Myelodysplastic syndromes (MDS) are a group of diseases that affect the bone marrow hematopoietic (blood forming) stem cells. The blood forming cells in the marrow slow down or stop making red blood cells, white blood cells and platelets. Most patients with MDS will develop anemia (low red blood cell numbers). Some patients have low numbers of white blood cells (which fight infections) and platelets (which help blood clot). Some types of MDS are mild and easily managed, while other types are severe and life-threatening. Mild MDS can evolve to become more severe over time and can also develop into fast-growing severe leukemia called acute myelogenous leukemia (AML).
MDS can affect people of any age, but the majority of patients are older than 60 years. Exposure to industrial chemicals or radiation may increase the risk of developing MDS. In some cases MDS is caused by chemotherapy used to treat a different disease. This is called secondary MDS. The cause of MDS in most cases is unknown. There are many different types of MDS. Detailed evaluation of the blood and bone marrow is needed to determine the type of MDS.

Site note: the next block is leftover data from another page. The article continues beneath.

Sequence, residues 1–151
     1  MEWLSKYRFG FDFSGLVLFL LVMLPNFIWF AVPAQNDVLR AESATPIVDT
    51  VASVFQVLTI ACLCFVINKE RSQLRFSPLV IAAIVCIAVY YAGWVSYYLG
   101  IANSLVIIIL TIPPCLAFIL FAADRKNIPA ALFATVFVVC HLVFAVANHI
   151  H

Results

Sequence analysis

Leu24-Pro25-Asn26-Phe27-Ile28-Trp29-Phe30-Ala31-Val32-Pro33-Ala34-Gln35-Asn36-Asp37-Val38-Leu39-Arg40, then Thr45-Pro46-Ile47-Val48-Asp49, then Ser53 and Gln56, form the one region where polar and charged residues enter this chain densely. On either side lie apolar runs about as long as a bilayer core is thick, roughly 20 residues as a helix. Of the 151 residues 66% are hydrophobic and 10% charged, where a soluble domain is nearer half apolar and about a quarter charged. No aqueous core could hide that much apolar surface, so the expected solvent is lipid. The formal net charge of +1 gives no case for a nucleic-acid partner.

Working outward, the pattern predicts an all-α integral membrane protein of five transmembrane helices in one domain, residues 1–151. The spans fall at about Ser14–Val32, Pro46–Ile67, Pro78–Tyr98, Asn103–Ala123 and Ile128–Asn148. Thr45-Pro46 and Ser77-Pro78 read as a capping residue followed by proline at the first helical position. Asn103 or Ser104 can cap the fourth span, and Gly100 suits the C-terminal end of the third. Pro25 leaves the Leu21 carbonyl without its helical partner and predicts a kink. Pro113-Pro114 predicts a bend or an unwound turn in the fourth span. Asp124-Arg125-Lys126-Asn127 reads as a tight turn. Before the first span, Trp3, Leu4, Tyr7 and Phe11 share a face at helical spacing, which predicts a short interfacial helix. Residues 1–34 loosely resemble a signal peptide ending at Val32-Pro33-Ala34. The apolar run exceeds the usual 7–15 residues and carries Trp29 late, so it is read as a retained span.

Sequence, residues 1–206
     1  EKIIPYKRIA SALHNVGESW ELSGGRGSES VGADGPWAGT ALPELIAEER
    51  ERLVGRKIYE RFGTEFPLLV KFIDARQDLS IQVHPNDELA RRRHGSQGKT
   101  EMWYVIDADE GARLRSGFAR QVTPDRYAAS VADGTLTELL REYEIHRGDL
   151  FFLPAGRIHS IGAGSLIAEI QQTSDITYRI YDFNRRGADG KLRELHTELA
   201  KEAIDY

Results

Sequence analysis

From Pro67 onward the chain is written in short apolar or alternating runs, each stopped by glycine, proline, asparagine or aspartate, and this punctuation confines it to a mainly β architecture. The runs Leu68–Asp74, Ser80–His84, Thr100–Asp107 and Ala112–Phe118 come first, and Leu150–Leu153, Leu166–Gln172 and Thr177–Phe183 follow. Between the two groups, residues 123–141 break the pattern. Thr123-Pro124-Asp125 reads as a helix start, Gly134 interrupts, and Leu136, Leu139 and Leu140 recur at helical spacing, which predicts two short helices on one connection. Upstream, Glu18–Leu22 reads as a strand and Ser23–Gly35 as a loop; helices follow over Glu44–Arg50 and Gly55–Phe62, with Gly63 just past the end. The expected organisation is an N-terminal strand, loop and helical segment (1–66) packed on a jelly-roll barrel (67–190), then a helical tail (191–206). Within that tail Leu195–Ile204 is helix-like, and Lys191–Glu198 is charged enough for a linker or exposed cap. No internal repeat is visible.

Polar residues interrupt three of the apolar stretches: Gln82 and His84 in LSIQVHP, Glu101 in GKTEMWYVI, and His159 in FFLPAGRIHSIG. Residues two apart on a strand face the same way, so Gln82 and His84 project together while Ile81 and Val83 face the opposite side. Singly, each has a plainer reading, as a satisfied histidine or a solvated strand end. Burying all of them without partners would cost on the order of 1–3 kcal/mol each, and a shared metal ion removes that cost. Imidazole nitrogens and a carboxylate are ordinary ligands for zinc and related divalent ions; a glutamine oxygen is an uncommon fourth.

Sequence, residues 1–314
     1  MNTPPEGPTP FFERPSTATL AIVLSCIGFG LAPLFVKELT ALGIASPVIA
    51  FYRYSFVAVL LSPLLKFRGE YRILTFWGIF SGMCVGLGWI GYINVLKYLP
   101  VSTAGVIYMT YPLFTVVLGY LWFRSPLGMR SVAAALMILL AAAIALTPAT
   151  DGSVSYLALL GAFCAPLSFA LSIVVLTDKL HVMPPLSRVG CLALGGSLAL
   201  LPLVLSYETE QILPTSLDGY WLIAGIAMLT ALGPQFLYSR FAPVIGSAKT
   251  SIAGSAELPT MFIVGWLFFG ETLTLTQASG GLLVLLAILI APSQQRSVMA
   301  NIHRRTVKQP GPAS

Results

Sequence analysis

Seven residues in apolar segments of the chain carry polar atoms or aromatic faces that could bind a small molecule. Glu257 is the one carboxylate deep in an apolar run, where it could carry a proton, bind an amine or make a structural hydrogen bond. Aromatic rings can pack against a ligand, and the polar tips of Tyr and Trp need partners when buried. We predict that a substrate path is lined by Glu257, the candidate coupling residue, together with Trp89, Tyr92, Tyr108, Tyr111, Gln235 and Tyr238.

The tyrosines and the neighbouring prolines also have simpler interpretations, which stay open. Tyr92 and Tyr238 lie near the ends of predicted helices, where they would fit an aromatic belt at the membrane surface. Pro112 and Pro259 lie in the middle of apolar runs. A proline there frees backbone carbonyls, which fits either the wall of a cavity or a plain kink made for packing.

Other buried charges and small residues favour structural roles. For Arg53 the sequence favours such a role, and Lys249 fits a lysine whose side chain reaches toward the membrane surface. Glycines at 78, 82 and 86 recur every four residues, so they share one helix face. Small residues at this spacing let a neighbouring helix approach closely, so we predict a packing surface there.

A blood or marrow transplant is the only cure for MDS, but indications and timing are controversial. The type of transplant used for MDS is an allogeneic transplant which uses healthy blood forming cells from a family member or an unrelated donor. Whether a transplant is right for a specific patient depends on patient age, overall health, the type of MDS and the risk score of the MDS.
The patient’s risk score is based on several aspects of the disease including how many blasts (immature white blood cells) are in the bone marrow, peripheral blood counts, cytogenetic testing. MDS risk scores are grouped into five categories: very low, low, intermediate, high and very-high. Patients in the very low and low risk groups have mild disease and may not receive any treatments. They will likely have frequent blood tests to see if the MDS is stable or becoming worse.
Patients in all other risk categories will likely receive one or more drugs that help treat the MDS to improve blood counts. These drugs cannot cure MDS, but help increase blood counts for some patients and improve quality of life.
There are medical guidelines for when someone should be referred for a transplant consultation, whether or not the patient might need a transplant at that time.